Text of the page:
It’s been proven that women experience sexual harassment no matter what they wear, but a new regulation in Thailand shows that many still can’t quit victim-blaming.
Late last month, the country’s Education Minister issued new rules under the Child Protection Act of 2003, which will prohibit female students from wearing clothing deemed too revealing like short skirts and tight shirts. All schools in Thailand will have to adhere to the new regulation and the parents or guardians of any student who breaks i could be fined up to 30,000 Baht ($979 US).
Authorities say there is now a trend among some female students to wear attire that’s suggestive or considered obscene, although it did not specify what these outfits actually are, The Thai Examiner reported.
The extreme dress code is meant to curb the rising cases of sexual harassment in Thai schools, according to The Independent. Sexually suggestive behaviour on school grounds have also been banned.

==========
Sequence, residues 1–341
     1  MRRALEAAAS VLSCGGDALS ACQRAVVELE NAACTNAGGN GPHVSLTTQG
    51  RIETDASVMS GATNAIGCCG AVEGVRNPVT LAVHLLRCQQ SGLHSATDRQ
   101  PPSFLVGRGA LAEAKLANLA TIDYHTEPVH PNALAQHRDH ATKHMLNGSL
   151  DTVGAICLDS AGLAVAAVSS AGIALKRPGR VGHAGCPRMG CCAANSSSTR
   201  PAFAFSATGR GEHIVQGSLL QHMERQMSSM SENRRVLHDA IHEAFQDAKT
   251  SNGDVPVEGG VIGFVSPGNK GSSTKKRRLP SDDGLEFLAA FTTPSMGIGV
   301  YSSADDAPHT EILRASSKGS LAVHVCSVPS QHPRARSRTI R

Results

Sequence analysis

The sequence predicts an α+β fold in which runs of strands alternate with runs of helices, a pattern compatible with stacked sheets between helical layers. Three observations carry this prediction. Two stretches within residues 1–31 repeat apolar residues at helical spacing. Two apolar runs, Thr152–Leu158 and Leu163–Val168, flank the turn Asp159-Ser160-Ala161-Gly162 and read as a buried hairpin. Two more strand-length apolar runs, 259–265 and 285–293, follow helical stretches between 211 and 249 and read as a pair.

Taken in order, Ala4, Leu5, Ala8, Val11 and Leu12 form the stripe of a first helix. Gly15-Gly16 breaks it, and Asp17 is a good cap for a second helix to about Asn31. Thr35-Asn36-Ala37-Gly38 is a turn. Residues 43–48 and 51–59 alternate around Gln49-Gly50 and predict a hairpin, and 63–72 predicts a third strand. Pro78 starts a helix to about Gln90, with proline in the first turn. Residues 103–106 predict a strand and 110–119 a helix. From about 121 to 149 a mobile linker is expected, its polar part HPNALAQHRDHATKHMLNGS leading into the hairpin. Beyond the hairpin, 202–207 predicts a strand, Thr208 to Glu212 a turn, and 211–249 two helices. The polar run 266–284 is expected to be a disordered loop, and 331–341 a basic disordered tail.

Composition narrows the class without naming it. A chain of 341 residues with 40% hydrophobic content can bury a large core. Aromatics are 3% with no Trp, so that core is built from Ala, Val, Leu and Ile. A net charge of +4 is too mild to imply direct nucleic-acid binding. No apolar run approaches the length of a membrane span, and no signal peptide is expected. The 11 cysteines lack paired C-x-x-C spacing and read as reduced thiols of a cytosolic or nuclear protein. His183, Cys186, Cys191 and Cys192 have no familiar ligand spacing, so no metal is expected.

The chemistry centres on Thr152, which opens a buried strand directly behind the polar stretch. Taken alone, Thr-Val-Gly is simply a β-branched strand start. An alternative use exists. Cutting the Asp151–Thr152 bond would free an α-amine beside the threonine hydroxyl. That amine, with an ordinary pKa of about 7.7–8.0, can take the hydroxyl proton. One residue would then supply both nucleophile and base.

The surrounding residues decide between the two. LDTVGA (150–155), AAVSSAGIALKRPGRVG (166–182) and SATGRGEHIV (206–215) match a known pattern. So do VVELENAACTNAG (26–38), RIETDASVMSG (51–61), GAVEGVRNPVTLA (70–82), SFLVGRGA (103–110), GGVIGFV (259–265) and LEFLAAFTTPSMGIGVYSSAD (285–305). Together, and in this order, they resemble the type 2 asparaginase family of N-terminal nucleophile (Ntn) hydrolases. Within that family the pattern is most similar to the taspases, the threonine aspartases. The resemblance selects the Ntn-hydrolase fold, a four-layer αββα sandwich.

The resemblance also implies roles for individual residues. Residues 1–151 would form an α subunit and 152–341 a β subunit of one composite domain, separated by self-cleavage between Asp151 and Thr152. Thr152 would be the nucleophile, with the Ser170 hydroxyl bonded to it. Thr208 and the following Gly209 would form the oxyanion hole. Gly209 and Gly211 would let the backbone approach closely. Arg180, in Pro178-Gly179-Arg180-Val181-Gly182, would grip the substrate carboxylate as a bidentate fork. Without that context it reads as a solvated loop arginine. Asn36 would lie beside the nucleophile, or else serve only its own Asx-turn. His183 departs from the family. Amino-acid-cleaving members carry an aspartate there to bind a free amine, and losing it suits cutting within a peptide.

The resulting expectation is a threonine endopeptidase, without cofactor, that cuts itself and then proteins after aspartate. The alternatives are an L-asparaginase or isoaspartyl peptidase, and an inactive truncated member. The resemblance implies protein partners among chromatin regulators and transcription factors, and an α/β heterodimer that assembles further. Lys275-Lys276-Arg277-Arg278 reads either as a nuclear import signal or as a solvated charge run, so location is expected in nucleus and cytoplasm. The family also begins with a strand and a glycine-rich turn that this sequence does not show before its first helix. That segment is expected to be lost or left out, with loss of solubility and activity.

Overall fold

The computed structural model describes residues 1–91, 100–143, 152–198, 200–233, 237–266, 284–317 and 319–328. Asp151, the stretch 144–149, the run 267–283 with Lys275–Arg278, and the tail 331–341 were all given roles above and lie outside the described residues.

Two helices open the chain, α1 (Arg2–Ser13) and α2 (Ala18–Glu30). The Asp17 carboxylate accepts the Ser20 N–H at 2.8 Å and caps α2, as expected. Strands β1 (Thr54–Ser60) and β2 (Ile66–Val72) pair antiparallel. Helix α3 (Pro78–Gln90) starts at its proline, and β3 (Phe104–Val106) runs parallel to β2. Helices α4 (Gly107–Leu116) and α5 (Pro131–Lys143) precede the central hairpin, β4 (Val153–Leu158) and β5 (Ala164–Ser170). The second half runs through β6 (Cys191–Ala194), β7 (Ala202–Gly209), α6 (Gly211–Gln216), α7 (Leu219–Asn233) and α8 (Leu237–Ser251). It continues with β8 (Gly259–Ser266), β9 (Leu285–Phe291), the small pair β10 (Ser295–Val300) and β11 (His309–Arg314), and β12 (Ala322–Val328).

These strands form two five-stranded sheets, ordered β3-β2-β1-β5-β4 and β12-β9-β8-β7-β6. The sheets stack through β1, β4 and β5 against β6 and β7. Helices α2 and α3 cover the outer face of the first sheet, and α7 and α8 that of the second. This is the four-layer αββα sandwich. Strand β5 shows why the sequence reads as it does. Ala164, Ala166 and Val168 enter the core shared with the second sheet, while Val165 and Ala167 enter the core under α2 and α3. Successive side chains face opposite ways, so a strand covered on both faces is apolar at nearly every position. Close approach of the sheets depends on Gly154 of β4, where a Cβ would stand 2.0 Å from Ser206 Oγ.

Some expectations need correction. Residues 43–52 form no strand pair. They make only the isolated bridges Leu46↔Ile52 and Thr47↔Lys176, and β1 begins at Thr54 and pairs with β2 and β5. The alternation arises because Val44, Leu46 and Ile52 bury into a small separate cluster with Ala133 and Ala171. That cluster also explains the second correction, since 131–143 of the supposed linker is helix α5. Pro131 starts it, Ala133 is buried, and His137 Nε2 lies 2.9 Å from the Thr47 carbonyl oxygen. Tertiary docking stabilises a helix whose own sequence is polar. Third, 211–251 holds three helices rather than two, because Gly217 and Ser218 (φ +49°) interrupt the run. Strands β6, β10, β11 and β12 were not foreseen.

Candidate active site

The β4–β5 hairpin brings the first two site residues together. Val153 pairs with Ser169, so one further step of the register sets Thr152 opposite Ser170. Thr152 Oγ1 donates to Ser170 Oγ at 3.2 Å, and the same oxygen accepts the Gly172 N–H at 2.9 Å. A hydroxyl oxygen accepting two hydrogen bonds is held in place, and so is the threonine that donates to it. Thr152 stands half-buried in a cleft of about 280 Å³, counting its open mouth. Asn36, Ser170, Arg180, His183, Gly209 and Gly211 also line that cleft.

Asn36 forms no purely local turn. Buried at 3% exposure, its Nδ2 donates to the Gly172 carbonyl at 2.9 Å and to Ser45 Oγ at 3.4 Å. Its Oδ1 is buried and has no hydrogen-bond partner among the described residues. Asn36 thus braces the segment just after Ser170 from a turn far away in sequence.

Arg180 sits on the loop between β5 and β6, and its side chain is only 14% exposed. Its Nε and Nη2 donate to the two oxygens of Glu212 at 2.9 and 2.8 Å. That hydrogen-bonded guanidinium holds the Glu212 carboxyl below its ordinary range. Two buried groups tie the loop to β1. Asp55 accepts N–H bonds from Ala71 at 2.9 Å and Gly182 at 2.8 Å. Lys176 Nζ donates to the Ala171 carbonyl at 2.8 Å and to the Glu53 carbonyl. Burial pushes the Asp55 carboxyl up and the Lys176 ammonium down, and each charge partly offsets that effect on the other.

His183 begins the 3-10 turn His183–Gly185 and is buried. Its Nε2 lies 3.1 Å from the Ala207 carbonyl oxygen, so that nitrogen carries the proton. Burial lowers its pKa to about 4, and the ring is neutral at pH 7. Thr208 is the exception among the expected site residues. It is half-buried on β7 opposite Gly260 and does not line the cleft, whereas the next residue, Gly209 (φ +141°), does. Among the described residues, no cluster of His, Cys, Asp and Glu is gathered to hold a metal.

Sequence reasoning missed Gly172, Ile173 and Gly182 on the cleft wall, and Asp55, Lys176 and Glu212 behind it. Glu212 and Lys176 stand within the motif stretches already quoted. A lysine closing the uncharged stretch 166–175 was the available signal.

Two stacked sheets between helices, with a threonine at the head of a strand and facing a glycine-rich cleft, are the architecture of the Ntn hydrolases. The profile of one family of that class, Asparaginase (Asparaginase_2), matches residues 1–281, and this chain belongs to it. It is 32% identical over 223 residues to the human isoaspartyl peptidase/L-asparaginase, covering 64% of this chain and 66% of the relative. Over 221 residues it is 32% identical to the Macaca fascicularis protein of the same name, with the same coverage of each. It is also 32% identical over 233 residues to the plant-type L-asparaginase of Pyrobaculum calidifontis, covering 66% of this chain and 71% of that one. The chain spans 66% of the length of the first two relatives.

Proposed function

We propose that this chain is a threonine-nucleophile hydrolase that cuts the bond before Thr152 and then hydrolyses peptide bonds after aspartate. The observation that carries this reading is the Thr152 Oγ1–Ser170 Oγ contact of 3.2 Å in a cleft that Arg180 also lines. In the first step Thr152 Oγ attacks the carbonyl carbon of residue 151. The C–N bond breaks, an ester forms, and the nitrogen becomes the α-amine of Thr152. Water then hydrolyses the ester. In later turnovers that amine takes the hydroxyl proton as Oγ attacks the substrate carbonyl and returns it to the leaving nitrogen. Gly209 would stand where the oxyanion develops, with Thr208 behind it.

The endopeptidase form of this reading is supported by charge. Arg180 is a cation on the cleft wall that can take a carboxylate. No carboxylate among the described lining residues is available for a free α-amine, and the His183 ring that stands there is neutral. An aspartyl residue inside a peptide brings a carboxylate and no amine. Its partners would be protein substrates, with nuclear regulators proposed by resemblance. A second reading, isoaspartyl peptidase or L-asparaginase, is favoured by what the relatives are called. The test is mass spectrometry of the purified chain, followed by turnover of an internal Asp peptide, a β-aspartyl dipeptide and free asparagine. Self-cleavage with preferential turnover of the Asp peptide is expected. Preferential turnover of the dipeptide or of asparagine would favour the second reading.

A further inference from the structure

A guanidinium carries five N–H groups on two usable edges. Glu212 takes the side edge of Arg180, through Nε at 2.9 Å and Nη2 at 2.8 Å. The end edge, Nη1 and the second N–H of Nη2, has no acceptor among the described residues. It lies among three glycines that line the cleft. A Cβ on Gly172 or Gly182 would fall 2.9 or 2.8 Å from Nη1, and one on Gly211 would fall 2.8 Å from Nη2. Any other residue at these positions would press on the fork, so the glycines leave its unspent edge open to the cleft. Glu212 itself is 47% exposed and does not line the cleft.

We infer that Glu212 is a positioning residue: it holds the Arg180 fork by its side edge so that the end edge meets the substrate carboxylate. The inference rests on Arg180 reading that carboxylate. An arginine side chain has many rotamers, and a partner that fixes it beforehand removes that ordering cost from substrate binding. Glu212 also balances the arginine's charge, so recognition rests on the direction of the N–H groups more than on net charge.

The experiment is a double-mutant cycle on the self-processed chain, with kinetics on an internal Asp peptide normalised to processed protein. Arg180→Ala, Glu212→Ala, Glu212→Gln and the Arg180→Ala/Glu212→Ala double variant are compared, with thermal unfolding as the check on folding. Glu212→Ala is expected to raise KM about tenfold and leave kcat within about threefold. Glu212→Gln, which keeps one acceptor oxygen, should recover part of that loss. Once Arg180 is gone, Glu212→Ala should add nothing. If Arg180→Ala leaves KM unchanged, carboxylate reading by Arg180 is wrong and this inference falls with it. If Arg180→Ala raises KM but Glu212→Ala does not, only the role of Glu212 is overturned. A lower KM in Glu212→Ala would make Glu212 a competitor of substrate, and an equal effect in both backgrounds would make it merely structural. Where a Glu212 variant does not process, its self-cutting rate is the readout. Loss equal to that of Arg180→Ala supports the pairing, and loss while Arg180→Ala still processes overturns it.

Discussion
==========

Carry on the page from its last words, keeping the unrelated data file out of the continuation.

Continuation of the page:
A recent survey conducted by United Kingdom-based market research firm YouGov found that 21 percent of 1,107 Thai respondents said they have been through some form of sexual harassment. Seventeen percent said that these incidents occurred at school or university. Only one in five respondents were aware of the global #MeToo movement, which urges women to speak out about cases of sexual abuse.
This is not the first time the Thai government tried to control women’s attire. In March 2018, authorities came under fire for telling women to avoid wearing anything considered “sexy,” in the lead up to the Thai New Year. Women were outraged at the implication that this would help them avoid sexual harassment.